Cover the puddings with a layer of baking parchment, and then foil, and tie securely with string. Put the basins in the slow cooker, side by side, pour in sufficient hot water to come halfway up the sides of the basins, cover and leave to cook for 2 hours. A skewer inserted into the centre of each pudding will come out clean when the puddings are ready.
For the sauce, put the sugar, margarine and half the coconut milk in a small saucepan. Heat gently, stirring, until melted together, then raise the heat and simmer for about 5 minutes until richly golden and caramelised. Remove from the heat and stir in the remaining coconut milk and vanilla extract.
When the puddings are ready, remove them from the slow cooker and leave them to stand for 5 minutes. Remove the wrappings and turn out on to warm serving plates. Pour over sauce and serve immediately.
That just leaves me to pass on my very best wishes to you for a happy, healthy and enjoyable Christmas holiday. Happy festive feasting!
I’ve had a very “light” pear harvest this year. In fact, just 4 fruit developed on one tree and the other had no fruit at all. Not sure why, the spring was fine, there was so much blossom and plenty of bees around to pollinate it. Perhaps the pear trees decided to have a bit of a holiday this year.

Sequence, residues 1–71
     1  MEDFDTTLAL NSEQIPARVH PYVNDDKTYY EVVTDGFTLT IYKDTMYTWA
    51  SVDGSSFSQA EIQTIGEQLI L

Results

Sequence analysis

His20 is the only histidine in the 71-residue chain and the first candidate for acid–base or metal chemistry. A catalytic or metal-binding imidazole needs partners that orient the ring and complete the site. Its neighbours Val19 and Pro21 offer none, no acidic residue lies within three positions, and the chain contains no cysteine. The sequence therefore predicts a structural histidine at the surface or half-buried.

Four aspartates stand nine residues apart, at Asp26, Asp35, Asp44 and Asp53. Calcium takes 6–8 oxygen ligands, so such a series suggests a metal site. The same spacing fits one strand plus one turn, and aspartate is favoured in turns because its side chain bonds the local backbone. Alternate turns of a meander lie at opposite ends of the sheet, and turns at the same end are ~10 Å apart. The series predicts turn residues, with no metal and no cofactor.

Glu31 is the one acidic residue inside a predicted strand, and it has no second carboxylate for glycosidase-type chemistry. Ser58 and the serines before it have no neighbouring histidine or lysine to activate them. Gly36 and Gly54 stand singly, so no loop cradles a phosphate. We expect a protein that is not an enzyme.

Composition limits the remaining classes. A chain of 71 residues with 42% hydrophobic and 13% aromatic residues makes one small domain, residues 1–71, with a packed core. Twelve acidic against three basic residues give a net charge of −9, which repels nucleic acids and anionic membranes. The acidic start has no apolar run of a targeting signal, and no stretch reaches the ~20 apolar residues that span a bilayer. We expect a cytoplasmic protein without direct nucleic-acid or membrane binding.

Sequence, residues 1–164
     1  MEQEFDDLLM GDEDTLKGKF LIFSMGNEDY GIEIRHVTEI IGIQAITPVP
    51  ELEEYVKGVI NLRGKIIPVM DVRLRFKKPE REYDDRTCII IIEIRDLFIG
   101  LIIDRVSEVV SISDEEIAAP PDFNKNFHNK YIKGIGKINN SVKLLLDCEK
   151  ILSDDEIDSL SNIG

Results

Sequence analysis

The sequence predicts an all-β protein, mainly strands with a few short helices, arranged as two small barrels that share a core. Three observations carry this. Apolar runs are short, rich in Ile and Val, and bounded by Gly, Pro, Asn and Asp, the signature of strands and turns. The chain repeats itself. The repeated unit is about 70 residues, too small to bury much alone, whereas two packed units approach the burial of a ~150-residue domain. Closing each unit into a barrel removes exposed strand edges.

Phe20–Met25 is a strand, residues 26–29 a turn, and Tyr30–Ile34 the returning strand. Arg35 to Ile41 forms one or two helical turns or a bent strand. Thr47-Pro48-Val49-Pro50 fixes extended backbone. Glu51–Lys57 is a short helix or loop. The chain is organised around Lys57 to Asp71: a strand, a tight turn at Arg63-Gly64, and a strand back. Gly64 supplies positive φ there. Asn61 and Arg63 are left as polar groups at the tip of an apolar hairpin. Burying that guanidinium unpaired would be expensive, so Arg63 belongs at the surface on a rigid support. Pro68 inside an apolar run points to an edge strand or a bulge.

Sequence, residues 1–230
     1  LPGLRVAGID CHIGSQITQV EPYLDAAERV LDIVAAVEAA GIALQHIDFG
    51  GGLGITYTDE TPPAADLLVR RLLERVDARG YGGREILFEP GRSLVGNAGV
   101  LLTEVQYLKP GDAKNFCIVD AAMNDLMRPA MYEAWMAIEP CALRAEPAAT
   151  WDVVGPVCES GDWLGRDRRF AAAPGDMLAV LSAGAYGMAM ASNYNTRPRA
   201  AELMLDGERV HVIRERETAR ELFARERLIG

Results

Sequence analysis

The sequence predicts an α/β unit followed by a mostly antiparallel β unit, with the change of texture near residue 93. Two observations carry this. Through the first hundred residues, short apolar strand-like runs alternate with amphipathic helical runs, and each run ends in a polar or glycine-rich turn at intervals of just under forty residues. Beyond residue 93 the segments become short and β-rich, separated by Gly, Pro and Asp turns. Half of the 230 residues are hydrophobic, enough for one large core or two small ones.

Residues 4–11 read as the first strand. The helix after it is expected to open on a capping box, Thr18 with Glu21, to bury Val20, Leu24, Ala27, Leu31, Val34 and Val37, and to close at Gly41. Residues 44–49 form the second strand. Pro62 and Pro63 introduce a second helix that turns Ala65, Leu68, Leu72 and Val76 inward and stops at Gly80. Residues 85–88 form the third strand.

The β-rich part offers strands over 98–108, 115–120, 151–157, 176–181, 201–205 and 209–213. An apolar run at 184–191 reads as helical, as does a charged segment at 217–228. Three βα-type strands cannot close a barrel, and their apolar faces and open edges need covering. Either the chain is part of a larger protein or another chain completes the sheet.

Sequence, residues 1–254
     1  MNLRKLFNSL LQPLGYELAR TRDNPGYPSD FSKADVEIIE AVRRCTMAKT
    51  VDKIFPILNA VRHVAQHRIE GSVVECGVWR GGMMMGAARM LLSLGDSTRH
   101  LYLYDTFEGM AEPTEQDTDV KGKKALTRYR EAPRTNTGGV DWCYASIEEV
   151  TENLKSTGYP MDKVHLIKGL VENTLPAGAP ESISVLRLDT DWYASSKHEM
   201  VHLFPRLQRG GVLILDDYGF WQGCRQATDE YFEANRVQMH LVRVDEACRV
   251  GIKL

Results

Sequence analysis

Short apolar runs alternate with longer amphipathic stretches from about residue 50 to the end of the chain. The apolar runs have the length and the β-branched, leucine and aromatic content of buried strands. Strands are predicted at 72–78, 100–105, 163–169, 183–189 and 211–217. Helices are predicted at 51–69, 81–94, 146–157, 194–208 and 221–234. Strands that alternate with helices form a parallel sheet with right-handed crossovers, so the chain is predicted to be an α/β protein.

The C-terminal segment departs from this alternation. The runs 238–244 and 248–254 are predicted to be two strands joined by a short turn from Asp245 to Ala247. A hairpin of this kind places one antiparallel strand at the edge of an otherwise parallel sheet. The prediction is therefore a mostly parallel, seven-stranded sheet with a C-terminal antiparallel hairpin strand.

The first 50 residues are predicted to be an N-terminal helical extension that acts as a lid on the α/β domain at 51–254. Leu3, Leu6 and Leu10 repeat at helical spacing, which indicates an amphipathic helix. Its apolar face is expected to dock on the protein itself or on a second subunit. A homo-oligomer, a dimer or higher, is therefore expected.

So with such a precious harvest, what to cook? I picked the pears a couple of weeks ago, and they have been ripening gently and slowly in a cool spot in the kitchen. They remained quite firm, so I decided I would cook them.
Vanilla is one of my favourite spices, and it is a particularly delicious flavouring for pears. This is a very simple recipe, but it tastes a little bit more special because the pears are cooked in Moscatel de Valencia – the floral notes of this sweet Spanish wine are a perfect match for both pears and vanilla.
Chocolate is another “must have” with pears as far as I’m concerned, and this easy “butter” makes an interesting alternative to the usual chocolate sauce. Moscatel is one of the few wines I think goes well with chocolate, so this is a “win win” recipe for me. Serve the pears very slightly warm or at room temperature so that the cooking juices don’t begin to set, and avoid chilling the chocolate accompaniment (unless the room temperature is very warm) as it will become very hard to spoon.
4 firm pears
Juice of ½ a lemon
1 vanilla pod
300ml Moscatel de Valencia wine (or white grape juice if preferred)
1 tbsp. agave syrup (or clear honey if you eat it)
40g dairy-free margarine (or unsalted butter)
100g dairy-free 85% cocoa chocolate
50g golden syrup
Preheat the oven to 180°C (160°C fan oven, gas 4). Peel and core the pears, and cut in half. Brush lightly with lemon juice and place cut-side up in a shallow baking dish.
Split the vanilla pod and scoop out some of the seeds using the tip of a sharp knife. Push the rest of the pod into the dish of pears, mix the scooped-out seeds with the wine and pour over the pears.
Dot the pears with 15g of the margarine and drizzle with agave syrup. Cover with foil and bake for 30 minutes. Remove the foil, turn the pears over, baste with the cooking juices, and return to the oven to bake, uncovered, for a further 20 minutes or until the pears are tender.